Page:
How to get set for CECL
In my last blog post, I started to outline my “10 Requirements for an Effective CECL Software Solution,” where I focused on three requirements your organization needs to do to get ready for CECL implementation. This post will address four requirements for getting set for CECL, i.e. what capabilities your solution must have to provide a stable platform for CECL execution and analysis.
4) How to get set for CECL – Seamless process orchestration
A robust CECL software solution will orchestrate all end-to-end expected credit loss (ECL) calculations from data input to component model calculations to final reporting and detailed outputs. It will automate processes wherever possible but will also allow manual intervention where required to incorporate management overrides.
This orchestration will occur “behind the scenes” but the effects still need to be transparent to the user. All inputs, models, calculations, parameters and key outputs should be fully auditable. CECL calculations involve a number of moving parts that need to work in concert without user interference, reliably and repeatedly.
5) How to get set for CECL – Strong, streamlined governance
CECL software should provide a robust governance framework, including process change management, user access privileges and detailed change controls around key inputs and assumptions. CECL introduces new review points into the ECL process and reinforces the need for strong governance throughout given the additional complexity. New recurring governance processes need to be created to approve or update the baseline macroeconomic forecast, to approve and justify judgmental overlays and to review the drivers of actual calculations. Of course, model governance requirements will grow as well given the new suites of CECL models to validate, monitor and redevelop over time.
Further, given the multi-disciplinary nature of CECL and its impacts on multiple business areas, good governance demands ongoing frequent interaction among a diverse range of stakeholders. Building a common vocabulary and a shared understanding of CECL calculations and their key business drivers is essential to making these dialogues productive.
6) How to get set for CECL – Controls under control
CECL software should include strong built-in controls to confirm data quality, isolate calculation issues and support process auditability. It should allow drill-down of calculations to individual account level calculations if applicable and detailed components where needed. Data quality checks must be designed to catch errors and exceptions. Outcomes must be reviewed to ensure that they fall within a reasonable range and do not vary unexpectedly from one period to the next. Process logs should be created with sufficient detail to confirm when steps were executed without issues, where warnings were generated, and where processes failed and why.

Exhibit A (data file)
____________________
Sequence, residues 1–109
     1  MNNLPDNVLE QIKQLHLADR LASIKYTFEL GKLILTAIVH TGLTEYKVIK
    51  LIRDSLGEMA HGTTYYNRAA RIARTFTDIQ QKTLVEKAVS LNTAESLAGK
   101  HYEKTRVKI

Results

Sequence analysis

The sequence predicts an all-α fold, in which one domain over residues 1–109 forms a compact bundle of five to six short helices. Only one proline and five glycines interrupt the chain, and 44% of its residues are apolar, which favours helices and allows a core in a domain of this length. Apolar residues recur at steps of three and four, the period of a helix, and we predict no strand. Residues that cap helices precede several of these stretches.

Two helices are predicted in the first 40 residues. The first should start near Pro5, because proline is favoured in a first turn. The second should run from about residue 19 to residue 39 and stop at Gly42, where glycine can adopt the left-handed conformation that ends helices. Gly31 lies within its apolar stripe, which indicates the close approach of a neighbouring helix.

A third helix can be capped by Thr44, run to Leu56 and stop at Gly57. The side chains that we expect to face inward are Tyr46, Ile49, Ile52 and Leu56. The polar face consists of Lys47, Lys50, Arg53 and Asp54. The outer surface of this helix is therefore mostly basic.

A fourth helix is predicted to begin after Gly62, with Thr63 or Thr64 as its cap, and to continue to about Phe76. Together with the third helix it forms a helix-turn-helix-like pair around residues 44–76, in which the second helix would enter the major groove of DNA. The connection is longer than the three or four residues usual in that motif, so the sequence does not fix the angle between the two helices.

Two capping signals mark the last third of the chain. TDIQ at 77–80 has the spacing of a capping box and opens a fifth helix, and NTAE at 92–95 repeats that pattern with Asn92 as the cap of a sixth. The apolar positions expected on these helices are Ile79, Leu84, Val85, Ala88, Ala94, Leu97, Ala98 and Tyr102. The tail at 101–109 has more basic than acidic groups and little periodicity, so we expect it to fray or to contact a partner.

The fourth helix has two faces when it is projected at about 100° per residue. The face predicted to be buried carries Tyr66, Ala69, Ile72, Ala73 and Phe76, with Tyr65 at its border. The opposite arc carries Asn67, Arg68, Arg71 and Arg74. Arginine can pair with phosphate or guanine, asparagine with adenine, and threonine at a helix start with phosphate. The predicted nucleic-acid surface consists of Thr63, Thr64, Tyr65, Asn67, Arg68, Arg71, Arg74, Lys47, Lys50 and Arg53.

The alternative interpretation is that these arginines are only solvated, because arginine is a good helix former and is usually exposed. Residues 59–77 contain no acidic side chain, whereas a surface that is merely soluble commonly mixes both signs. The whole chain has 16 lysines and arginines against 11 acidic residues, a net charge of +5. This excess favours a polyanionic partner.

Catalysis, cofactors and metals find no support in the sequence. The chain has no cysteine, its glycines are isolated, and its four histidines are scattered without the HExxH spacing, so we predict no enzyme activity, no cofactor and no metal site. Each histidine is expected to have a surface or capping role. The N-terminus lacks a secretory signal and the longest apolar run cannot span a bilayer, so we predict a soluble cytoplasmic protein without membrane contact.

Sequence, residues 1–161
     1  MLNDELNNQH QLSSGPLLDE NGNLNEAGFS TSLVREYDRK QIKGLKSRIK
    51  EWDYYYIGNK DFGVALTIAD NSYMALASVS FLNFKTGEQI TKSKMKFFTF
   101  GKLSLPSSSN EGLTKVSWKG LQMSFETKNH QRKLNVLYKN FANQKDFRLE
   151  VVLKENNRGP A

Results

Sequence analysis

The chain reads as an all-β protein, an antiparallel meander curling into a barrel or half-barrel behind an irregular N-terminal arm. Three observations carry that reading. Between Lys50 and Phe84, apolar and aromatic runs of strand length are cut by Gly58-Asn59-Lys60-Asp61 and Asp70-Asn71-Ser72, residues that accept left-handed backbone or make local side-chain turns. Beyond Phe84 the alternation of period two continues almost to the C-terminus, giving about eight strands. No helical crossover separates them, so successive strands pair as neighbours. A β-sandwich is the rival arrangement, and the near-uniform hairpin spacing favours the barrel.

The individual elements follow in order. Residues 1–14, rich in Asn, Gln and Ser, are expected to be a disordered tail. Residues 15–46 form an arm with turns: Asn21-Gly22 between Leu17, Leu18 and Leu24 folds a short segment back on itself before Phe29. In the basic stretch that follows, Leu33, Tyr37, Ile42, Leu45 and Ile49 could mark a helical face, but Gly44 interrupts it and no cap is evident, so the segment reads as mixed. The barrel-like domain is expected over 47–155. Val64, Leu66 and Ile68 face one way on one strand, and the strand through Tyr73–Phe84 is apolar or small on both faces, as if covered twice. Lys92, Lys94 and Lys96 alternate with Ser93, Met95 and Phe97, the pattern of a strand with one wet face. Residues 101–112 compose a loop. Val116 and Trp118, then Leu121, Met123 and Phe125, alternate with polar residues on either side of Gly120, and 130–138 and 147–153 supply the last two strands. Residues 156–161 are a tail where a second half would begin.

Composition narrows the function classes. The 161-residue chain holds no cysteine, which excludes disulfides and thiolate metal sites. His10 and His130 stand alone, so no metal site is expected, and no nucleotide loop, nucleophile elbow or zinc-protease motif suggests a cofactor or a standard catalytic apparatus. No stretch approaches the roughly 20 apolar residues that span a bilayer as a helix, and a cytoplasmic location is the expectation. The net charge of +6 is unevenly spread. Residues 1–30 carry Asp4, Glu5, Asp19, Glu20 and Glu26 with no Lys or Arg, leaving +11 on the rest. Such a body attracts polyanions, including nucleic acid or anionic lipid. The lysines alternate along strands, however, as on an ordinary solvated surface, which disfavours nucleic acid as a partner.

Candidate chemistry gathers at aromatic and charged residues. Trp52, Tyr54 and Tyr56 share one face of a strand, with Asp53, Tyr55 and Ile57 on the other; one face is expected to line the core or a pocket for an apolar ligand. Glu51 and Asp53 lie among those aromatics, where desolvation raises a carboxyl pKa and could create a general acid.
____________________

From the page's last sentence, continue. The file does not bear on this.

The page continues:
7) How to get set for CECL – Built-in IP with room to grow
Software should specifically consider CECL-related concepts, yet remain adaptable enough to deal with a range of user requirements. For example, a strong solution will pre-configure a variety of CECL-specific reports but also allow users to define custom segments, date ranges and variable combinations. The software should orchestrate CECL-specific processes yet accommodate a range of model types and methodologies, data formats and structures, and account exclusions.
Striking the right balance between built-in IP and flexibility is critical as many organizations will evolve their approach to CECL modeling over time, which may include significant changes to model methodologies, data sources or even coding languages. Too much flexibility means you’re starting with a largely blank slate and will spend too much time, money and effort getting a custom implementation and configuration suitable for your business. Too much pre-configured IP means you’re boxed into a prescriptive approach that may not meet your current requirements or adapt well over time.
Fulfilling the above capabilities well ahead of implementation will help establish a stable yet flexible CECL execution platform. Combining them with the requirements outlined in my last post will set your organization up to drive business insights from the changes implied by CECL given your current strategies, and the strategy changes you should make in response.
All of this will require a significant amount of work to meet the implementation deadline of 15 December 2019, which is now 17 months away.
I’ll cover the rest in my final post of this series. Stay tuned!
You may also be interested to read how Chartis ranked IT providers for CECL (spoiler alert, FICO did well!)